# Eigenvalues proof

Gold Member

## Homework Statement

Let A=LU and B=UL, where U is an upper triangular matrix and L is a lower triangular matrix. Demonstrate that A and B have the same eigenvalues.

Not sure.

## The Attempt at a Solution

I know that if I can show that A and B are similar (so if I can find a matrix P such that P^(-1)AP=B) they have the same eigenvalues. But I didn't find P yet, nor do I know really how to search efficiently for P.

Another route I've thought of is to write det (I*lambda-A)=0 gives the same values for lambda as det (I*lambda-B)=0. I've thought of using det (A)=det (LU)=det L * det U = det U * det L = det B... but still can't reach anything I find useful.
Any tip is greatly appreciated.

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lanedance
Homework Helper
how about multiplying thorugh by the inverse of L.. you may need to show it exists

Try to write A in terms of B (or the other way around), and see what you get!

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lanedance
Homework Helper
hint was probably enough

Gold Member
LU=U^(-1)ULU=LU so the equality is true. Notice that LU=A and UL=B. I have that P=U, thus LU is similar to UL (A similar to B) so they share the same eigenvalues.

Now I must justify the use of the inverse of U. Well I believe its element on the diagonal are all non zero. So if the matrix is nxn, the span of its column vector is R^n so it is invertible, hence U^-1 exists.

Is that well justified?

Dick
Homework Helper
LU=U^(-1)ULU=LU so the equality is true. Notice that LU=A and UL=B. I have that P=U, thus LU is similar to UL (A similar to B) so they share the same eigenvalues.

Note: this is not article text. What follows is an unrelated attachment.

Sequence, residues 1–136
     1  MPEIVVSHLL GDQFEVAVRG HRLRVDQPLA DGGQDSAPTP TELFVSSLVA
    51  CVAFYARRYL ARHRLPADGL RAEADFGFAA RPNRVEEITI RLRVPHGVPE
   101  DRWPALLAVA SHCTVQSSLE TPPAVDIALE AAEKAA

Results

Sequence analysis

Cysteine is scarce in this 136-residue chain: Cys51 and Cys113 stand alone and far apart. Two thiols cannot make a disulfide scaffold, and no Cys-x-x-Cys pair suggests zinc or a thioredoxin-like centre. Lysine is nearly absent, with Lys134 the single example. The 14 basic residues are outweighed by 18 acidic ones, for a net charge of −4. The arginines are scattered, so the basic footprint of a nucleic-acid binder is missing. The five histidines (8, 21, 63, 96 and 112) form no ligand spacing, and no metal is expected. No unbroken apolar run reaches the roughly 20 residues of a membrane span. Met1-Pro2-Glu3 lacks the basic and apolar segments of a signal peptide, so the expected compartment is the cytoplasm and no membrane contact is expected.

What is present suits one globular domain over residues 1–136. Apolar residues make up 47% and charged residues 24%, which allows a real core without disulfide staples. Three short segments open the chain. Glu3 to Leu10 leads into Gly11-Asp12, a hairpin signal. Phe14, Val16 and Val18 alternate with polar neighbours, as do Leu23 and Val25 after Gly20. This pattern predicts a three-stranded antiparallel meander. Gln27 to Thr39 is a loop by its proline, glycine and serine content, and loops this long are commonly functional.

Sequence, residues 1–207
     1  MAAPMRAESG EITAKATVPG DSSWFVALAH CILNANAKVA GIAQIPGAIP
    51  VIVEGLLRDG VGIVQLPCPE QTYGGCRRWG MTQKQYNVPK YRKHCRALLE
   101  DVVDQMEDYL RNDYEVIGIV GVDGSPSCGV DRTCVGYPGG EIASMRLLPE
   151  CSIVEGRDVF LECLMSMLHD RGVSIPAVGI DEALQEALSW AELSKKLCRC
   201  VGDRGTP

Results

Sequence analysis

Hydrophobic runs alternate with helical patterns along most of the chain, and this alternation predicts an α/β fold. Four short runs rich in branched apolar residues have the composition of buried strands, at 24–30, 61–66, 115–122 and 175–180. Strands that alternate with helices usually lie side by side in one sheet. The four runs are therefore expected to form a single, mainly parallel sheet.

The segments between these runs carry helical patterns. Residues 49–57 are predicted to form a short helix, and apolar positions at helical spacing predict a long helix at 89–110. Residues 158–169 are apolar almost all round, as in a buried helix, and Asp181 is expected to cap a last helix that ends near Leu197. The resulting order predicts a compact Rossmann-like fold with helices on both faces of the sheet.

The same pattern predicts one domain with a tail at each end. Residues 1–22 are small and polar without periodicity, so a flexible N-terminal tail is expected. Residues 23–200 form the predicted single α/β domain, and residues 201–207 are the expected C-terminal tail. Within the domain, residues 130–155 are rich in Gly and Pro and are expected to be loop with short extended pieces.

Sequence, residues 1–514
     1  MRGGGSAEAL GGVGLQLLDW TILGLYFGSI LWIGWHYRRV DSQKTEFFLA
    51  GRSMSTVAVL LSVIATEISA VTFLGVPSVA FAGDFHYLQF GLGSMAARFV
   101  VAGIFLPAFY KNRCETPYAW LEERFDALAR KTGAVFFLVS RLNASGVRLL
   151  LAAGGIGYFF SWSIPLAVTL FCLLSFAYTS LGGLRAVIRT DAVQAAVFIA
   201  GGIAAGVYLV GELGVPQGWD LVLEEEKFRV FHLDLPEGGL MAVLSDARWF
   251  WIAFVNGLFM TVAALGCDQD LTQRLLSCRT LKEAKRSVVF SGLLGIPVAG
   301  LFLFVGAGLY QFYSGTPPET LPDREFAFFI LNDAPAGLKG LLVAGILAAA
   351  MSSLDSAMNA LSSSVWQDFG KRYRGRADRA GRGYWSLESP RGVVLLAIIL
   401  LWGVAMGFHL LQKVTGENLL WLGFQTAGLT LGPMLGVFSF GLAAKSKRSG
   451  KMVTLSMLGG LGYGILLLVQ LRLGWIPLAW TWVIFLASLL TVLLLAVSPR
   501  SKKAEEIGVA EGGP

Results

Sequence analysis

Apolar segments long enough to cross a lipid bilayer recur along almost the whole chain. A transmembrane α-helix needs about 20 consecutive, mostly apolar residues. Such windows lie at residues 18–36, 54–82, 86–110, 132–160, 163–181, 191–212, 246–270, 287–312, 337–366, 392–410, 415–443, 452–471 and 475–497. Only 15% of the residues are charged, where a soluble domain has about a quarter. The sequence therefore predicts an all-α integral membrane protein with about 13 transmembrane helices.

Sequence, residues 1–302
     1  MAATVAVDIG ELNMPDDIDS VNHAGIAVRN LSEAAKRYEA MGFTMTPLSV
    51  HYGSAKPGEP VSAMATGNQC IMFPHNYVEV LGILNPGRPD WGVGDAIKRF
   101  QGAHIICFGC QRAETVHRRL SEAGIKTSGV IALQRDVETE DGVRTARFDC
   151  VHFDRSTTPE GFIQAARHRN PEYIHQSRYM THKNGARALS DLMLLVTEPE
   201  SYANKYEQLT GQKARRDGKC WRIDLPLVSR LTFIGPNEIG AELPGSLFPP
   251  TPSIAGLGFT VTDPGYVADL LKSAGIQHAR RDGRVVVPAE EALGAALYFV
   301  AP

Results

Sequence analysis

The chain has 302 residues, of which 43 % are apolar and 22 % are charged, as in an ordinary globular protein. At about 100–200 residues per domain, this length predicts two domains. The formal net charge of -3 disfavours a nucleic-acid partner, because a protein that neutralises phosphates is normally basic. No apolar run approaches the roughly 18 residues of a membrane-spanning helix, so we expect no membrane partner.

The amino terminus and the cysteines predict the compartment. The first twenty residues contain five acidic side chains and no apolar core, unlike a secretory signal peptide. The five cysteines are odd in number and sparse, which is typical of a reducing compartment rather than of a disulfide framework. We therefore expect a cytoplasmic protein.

Now I must justify the use of the inverse of U. Well I believe its element on the diagonal are all non zero. So if the matrix is nxn, the span of its column vector is R^n so it is invertible, hence U^-1 exists.

Is that well justified?
It would be if the problem stated that the elements of U along the diagonal are nonzero. Does it? Other versions of this problem I've found say that L or U is a UNIT triangular matrix. Did you miss a word in the problem statement?

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Gold Member
It would be if the problem stated that the elements of U along the diagonal are nonzero. Does it? Other versions of this problem I've found say that L or U is a UNIT triangular matrix. Did you miss a word in the problem statement?
You pointed out a very interesting thing to me. In my assignment it isn't specified. But most of the exercises assigned are taken from Kincaid's book on numerical analysis. I just checked there and it clearly states L to be UNITARY.
If only they had stated this in my assignment I could have guessed that I had to take the inverse of L. :) Well I'm not 100% sure but probably.
So basically the problem is solved now... thanks guys.

Dick